Megascreen Courtney Love, Pam Hogg & pal FX Screen at Emslie Horniman's Portobello Pirate TV

for a more detailed programme of films for 2000 click here to see more pics from PFF 2000 click here




2000 was the year the Portobello Film Festival came of age. Featuring three days and nights in Emslie Hornimans Park, Kensal Road, with a megascreen, two cinemas in a big top, funfair. bar and dancing robots, three days of premieres in the luxury of John Brown Publishing's viewing cinema in Bramley Road, Screen West, two nights of Palm Pictures and Funky Fast Shorts at Subterania and 10 evenings of Video Cafe at the Beat Bar, Portobello RoadÄ this was by far the most ambitious and successful Portobello Film Festival in its five year history. Every one of the 350 films in the programme was shown (more or less!) on time. We showed 144 hours of new films to some 12,000 people. The two nights at Subterania drew 500 people per night. The ten nights at the Beat Bar attracted over 100 people each night. Screen West pulled 200 for each of its three evenings. And the day and night sessions over the Friday, Saturday, Sunday at Emslie Hornimans Park saw attendances of over 3000 each day. As usual every film submitted was shown and admission to all events was free.


We launched the Portobello Film & Video Festival 2000 at the well known Cobden Club three weeks before the Festival. An audience of 200, comprising funders, sponsors, film-makers, press and local celebrities watched highlights from the forthcoming programme and danced to local DJs into the small hours fuelled by complimentary drinks from sponsors Morgan Spice and Galliano. Jade Jagger, Anita Pallenberg, Jenny Runacre, Danny John Jules and Duggie Fields were spotted amongst the throng. We shared the party with local Dot Com company Portowebbo who designed our website and programme.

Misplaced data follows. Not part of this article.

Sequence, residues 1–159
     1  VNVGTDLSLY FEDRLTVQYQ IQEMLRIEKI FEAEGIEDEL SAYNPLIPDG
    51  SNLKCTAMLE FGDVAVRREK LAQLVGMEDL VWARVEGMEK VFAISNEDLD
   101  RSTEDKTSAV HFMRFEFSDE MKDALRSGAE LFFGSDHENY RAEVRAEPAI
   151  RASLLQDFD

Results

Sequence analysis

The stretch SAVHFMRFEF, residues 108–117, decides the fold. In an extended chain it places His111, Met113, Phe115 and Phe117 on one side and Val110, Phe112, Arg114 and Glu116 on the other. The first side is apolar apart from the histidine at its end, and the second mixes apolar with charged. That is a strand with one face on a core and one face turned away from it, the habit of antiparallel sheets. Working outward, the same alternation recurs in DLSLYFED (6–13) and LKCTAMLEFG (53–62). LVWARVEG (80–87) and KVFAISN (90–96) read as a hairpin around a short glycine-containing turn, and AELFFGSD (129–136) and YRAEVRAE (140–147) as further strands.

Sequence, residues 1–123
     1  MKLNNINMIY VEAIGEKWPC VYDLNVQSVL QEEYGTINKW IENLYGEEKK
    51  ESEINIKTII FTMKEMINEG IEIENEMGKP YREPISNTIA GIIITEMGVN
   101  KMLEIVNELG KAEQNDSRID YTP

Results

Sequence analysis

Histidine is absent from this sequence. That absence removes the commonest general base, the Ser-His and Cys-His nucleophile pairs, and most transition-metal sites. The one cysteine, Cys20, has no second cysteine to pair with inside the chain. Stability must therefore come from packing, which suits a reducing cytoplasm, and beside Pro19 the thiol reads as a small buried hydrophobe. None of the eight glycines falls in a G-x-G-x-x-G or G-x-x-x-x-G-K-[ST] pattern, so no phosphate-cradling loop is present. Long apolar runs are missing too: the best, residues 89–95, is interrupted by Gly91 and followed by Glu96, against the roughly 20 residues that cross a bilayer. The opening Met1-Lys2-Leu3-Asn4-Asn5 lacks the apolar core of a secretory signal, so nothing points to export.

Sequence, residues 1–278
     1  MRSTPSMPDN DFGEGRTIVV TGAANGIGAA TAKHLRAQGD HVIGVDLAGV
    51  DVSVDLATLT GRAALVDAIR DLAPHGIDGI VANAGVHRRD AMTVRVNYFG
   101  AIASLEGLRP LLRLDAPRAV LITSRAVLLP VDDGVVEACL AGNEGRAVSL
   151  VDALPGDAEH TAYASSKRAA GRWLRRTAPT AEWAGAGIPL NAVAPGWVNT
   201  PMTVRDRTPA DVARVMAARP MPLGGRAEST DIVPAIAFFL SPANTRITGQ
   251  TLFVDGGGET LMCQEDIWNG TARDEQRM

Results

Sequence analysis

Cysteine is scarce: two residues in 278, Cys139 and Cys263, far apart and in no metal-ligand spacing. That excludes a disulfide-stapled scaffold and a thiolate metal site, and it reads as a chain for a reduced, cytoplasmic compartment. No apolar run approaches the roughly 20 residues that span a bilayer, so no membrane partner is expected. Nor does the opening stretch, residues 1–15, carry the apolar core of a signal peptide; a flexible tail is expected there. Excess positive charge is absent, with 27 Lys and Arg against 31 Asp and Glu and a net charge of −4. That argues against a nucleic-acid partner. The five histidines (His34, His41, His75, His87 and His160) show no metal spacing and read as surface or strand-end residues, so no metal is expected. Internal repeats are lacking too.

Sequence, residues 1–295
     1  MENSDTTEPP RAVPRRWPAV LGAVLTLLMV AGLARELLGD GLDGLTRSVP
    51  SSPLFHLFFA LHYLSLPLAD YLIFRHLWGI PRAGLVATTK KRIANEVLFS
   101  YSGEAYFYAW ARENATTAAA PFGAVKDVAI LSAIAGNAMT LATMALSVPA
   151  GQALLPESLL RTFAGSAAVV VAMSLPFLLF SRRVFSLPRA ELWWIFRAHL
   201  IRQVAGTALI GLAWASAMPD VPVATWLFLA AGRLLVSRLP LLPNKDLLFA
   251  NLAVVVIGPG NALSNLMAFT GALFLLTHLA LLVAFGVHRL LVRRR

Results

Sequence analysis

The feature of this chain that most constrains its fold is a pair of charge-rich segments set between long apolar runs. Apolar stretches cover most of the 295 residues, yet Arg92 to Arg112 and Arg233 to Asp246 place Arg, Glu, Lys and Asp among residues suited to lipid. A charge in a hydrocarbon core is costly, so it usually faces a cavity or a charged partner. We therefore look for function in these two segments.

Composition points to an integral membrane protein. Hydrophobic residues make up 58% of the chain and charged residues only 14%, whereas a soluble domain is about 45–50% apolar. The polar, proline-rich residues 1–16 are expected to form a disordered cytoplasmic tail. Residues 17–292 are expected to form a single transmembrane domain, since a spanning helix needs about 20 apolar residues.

The first evening of Subterania was dedicated to two features, "Dancehall Queen" and "Third World Cop", from local firm Palm Pictures: Chris (Island Records) Blackwell's new film company making digital films in the Jamaican ghetto. Introduced by Don Letts (director of "Dancehall Queen") who championed the usefulness of digital video as a democratic creative medium, and likened the current explosion of independent film-making to the early days of reggae and punk rock. The second evening featured a selection of short films from disaffected industry professionals and included several films -"Bob A Job", "The Balloon" and "7 1/2" - that were later selected for the Dr. Martens Golden Boot Award.

We held the Video Cafe at the Beat Bar in Portobello Road. As well as showing programmed films every evening between 6pm and 11pm, this was also an opportunity for film-makers to bring their films along on the night and present them to a wider public. It is an intimate space, perhaps the nicest bar on Portobello, and has it's own buzzy vibe. A feature was shown every night for two weeks along with the shorts. Often directors introduced their films. The films create the atmosphere and it is a great place for networking and test screening work. Attendees have the option of watching the films in front of the screen or socialising by the bar. It attracted the interest of film buyers, film-makers and the local community. Highlights included "The Social Club" a love story by and about disabled people from New York, "We Love You John Salt" a hilarious Shane Meadowsesque story about an awkward lad in Liverpool and Robert Hertner's "Amazing Crap Video. Com" about his career as Ambassador for the Independent State of Texas. The Video Cafe was a lively environment with the accent on fun.